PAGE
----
Of course, 32 years having passed, everyone knew this was more a walk down memory lane than any real threat to the likes of Tiger Woods, who once again won his warm up tournament at the AT+T three weeks prior.

But golf is a funny game, and the gods couldn't have been surprised when Watson opened with the low round of 65, and Woods went 71-74 to miss the cut by a stroke.

Everyone must have been surprised, however, when Watson stood in the middle of the 18th fairway with a one stroke lead and an 8-iron in his hand. Standing over his ball for one final approach, Watson paused. As if the divine had intervened, he stepped away from his ball and asked his caddy for his 9-iron.

Watson readdressed and flushed it. The ball landed gently in front of the green and bounded toward the flag, stopping 10-feet short of the hole. The crowd roared as the 59-year-old holder of five Open Championships took the mystical walk toward his 6th. Two putts later he was handed the Claret Jug and the mantle of oldest man to ever win a major, knocking off 48-year-old Kenny Perry, who held the record for three months and a week!

Afterwards, Watson quipped, "Makes for a heck of a story, huh?"

Elementary, Watson. Soon after, a poll among sportswriters found it to be the greatest story in the history of sports.

As the year wound down to its final major, the one glaring omission from the previous three was Tiger Woods. Once again, Mr. Woods won his final warm up leading to the championship, thus giving him a Grand Slam of warm up tournaments - later coined "The Warm-Up Slam" - which is no small feat.

Woods came out firing on all cylinders this time, playing well for three rounds and taking a two stroke lead over Y.E. Yang into the final day. Woods, as it had widely been mentioned, had never lost a major tournament he'd led after 54-holes.

And this day would be no different. Yang gave it a noble effort, but Woods had an answer for every charge.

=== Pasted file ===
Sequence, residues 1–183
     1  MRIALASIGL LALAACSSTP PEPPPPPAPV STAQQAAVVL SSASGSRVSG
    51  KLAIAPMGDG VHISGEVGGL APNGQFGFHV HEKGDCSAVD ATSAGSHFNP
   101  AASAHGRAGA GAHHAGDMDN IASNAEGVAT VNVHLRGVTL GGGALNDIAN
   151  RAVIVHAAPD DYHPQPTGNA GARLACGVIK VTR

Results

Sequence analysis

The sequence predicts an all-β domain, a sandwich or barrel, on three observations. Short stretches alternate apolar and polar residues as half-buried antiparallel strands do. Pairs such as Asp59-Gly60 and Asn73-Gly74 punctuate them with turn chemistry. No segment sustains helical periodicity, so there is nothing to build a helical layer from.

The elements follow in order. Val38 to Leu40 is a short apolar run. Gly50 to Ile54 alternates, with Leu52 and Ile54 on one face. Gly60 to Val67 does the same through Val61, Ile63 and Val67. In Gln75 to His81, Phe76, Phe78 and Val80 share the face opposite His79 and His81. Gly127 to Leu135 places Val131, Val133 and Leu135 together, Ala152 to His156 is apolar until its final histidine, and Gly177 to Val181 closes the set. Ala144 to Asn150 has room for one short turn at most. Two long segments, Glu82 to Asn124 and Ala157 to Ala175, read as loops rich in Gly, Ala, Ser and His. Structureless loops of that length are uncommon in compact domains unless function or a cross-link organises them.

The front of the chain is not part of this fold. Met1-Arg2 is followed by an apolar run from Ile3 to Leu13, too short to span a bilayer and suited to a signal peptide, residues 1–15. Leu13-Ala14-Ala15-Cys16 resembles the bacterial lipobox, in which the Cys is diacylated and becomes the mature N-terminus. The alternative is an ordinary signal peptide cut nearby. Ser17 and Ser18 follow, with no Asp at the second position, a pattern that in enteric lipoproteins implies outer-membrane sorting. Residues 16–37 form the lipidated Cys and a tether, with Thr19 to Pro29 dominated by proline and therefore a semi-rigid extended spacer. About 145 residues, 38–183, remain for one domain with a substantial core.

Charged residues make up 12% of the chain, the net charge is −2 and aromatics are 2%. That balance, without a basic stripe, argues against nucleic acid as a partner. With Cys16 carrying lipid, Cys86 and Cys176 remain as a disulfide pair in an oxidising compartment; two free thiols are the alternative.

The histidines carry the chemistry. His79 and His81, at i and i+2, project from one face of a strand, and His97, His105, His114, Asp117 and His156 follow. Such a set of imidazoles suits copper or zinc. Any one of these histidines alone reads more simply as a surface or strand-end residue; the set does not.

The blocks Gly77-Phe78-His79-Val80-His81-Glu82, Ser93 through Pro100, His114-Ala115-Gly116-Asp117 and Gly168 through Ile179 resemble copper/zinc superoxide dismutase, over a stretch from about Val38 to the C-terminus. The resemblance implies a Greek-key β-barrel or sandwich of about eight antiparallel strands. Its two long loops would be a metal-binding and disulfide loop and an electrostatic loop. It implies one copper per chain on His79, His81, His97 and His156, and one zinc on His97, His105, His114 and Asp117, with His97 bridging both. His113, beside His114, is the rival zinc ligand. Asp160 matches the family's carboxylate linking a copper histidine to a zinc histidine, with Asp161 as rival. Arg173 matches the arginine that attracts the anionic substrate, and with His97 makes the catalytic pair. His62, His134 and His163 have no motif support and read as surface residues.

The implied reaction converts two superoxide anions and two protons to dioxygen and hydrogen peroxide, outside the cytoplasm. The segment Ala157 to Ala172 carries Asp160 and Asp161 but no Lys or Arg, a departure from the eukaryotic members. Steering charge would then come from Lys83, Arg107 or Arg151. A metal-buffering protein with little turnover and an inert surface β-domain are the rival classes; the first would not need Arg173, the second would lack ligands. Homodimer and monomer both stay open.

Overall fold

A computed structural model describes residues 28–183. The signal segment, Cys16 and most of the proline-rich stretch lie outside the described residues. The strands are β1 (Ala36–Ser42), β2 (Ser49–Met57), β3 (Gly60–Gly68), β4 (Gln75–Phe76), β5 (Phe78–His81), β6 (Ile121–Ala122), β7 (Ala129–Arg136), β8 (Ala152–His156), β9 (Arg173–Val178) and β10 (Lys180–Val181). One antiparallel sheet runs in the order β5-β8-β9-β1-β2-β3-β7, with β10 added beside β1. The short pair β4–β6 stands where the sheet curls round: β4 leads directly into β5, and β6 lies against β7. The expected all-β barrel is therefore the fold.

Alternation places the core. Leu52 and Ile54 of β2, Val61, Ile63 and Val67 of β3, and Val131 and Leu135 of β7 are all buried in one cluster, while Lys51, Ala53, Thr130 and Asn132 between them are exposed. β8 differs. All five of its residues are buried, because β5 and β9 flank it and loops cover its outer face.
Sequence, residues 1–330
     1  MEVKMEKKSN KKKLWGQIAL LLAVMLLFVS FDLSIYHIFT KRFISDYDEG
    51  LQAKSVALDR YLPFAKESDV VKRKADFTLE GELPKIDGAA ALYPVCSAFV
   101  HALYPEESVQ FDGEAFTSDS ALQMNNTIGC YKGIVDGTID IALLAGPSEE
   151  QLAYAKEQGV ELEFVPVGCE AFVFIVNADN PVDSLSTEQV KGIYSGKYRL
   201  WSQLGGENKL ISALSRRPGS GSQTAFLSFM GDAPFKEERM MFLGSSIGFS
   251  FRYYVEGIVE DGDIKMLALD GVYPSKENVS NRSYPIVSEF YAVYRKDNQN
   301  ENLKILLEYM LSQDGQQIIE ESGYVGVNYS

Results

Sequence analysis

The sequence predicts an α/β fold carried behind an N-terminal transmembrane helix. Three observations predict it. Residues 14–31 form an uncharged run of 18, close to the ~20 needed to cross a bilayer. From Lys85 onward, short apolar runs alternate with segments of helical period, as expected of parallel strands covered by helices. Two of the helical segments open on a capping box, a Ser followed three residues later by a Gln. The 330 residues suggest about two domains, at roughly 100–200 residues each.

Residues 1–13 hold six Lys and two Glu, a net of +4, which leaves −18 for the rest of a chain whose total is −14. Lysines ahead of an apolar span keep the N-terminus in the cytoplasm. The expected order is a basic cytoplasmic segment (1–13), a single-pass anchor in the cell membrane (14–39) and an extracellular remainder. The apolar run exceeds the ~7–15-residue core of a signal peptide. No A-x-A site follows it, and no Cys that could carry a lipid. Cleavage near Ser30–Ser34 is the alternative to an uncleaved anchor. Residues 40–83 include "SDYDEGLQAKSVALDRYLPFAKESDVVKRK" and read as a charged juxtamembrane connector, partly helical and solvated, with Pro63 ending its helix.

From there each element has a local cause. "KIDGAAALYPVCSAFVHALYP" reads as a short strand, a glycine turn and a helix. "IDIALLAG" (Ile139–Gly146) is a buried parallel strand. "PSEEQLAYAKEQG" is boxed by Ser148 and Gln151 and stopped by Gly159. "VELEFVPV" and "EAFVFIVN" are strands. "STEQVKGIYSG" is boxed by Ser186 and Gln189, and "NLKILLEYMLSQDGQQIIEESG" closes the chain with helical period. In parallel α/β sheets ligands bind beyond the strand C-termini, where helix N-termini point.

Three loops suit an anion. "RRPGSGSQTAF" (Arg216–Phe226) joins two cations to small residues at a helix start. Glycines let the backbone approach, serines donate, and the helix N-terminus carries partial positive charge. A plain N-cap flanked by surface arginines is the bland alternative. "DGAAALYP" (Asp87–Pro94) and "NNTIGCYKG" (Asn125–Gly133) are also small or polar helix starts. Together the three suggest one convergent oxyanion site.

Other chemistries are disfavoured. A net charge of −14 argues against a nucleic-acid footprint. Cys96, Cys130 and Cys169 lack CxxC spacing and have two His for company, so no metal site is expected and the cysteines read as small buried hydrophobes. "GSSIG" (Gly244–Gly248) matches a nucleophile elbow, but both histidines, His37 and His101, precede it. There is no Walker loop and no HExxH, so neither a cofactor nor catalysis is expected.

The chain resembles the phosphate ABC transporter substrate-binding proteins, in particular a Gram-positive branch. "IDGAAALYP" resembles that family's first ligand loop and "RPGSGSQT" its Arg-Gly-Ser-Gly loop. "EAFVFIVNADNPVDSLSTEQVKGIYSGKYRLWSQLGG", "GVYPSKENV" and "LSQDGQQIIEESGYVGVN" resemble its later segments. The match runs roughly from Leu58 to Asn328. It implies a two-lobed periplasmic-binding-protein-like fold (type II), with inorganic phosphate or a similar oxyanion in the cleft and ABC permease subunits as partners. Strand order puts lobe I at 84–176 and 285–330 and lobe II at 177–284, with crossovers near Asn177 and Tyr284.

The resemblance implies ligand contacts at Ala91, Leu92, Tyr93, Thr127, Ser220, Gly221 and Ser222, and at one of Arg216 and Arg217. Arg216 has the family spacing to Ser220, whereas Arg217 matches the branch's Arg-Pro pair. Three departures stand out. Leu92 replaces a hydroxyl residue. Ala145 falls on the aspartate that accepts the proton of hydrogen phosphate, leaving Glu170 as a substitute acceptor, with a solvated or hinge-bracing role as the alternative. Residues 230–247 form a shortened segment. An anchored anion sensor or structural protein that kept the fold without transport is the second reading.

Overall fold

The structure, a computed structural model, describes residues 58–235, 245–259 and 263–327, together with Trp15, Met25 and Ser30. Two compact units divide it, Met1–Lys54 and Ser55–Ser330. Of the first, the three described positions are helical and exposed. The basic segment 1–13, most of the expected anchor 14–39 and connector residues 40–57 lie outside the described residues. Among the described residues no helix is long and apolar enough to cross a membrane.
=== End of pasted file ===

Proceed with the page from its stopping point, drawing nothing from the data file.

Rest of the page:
"I played well enough to win the championship," Woods said, adding "It feels good to get my 15th major out of the way, and I'm really looking forward to taking it to Kenny, Phil and Tom in Bermuda later this year."

Woods was referring to the year end match between major winners, but first he'd need to take care of some business at the President's Cup.

The President's Cup turned into a rout for the Americans, due in no small part to the play of Lucas Glover and Stewart Cink - the gracious runners-up in the U.S Open and The Open Championship. Paired together the entire week, they never lost a match. After clinching their singles matches on Sunday, they had a combined record of 10-0.

Tiger Woods would have joined in the perfection had it not been for the revenge Y.E. Yang took on him in a meaningless Sunday match, leaving Woods 4-1 for the week.

Woods did indeed go on to edge "Kenny, Phil and Tom" in Bermuda, but the biggest news of the year came shortly after a quiet Thanksgiving when Woods stated on his website that he would be taking an indefinite leave from golf. Having just been awarded with both the 2009 Player of the Year Award, as well as the Athlete Of The Decade, Woods surprised the golf world by declaring his intention to run for governor of Florida and California.

"I would like to ask everyone, including my fans, the good people at my foundation, business partners, the PGA Tour, and my fellow competitors, for their understanding. After much soul searching, I have decided to take an indefinite break from professional golf," Woods wrote on his website.

It was a shock to everyone in golf, but one man it would have been no surprise to was his father. It was Earl Woods, after all, who infamously stated back in 1996 before Woods had won even one professional event, "Tiger will do more than any other man in history to change the course of humanity."

Golf's loss will obviously be the world's gain.

2010 could have never lived up to 2009 anyway.'